When a company begins developing a ZBB budget, its mentality shifts from looking at costs merely as an expense and instead requires justification: what value will that cost bring to the project/department? How does that value speak to our broader mandate or objective? Does this improve our deliverables? All these questions should be asked as you go through the budgeting process.

ZBB does not mean starting from scratch, just starting from zero. This is an important distinction: traditional approaches to budgeting start with historic figures and factors as the basis of the budget. This means that the ultimate justification for the budget at the end is based on history rather than the current situation, and costs typically do not need to be justified beyond this.

ZBB doesn’t mean that you can outright ignore previous budgets and costs; in fact, in many cases history should be a key consideration for a ZBB approach.

The main difference is that history can’t be the main determining factor; value for money needs to be a focal point for zero-based budgets. This is what that the concept means by “starting from zero”: all costs are justified for the upcoming period regardless of how money has been previously allocated. Traditional budgeting makes assumptions about spending and allocates from there, while ZBB can use historic information to inform but the costs will still need to be validated and justified independent of the historic information (i.e. they need to demonstrate that those costs will translate to value in the current period).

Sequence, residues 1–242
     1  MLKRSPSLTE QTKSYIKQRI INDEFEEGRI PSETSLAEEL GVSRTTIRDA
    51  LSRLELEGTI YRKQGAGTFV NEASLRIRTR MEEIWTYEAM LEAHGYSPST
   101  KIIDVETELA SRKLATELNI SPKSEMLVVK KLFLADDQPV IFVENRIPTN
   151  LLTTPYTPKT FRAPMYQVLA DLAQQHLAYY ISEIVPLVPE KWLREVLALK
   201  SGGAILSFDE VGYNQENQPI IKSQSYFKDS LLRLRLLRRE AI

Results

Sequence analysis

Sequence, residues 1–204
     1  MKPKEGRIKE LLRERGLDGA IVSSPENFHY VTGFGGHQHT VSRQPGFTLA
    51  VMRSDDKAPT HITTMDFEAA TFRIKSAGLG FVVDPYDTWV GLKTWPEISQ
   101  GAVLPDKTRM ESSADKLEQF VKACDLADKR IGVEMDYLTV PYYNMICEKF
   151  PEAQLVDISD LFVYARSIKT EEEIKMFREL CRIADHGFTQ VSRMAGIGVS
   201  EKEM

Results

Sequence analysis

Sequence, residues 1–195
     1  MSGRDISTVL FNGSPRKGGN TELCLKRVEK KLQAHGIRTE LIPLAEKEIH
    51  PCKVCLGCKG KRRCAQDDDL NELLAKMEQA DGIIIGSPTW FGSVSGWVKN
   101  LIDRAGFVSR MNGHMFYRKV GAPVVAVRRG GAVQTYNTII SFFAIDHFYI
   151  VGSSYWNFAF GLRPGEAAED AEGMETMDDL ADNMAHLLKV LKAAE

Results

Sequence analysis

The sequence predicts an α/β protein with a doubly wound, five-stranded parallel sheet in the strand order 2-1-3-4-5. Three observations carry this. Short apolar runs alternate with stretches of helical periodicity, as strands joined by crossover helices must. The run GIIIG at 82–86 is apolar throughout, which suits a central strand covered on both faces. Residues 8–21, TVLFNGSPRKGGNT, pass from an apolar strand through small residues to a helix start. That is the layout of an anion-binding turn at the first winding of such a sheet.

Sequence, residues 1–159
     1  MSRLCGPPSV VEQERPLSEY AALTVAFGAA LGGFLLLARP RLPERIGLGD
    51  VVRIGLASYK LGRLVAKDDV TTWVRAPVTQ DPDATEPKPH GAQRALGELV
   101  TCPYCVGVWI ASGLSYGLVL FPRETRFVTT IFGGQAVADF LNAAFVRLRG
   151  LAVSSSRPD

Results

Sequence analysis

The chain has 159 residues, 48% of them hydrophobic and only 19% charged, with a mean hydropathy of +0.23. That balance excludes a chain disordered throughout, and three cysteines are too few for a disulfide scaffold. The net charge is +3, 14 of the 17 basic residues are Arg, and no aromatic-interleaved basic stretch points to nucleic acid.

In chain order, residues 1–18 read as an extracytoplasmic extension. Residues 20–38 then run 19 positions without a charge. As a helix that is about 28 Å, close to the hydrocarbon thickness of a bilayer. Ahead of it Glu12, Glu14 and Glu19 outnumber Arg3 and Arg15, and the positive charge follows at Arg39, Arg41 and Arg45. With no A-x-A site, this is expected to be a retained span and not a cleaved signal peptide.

Zero-Based Budgeting Varies in Practice

Like other management methodologies, such as Lean and Agile/Scrum, ZBB can take on many forms in practice. If the core of ZBB is maintained (starting from zero), the methodology can be deployed in many ways. For some organizations, they may simply need to develop budget justification processes that reflect the core of ZBB; in others, a full implementation of the approach may be more appropriate. Most commonly, hybridized approaches to budgeting allow companies to efficiently create and manage a budget while also justifying the costs for value.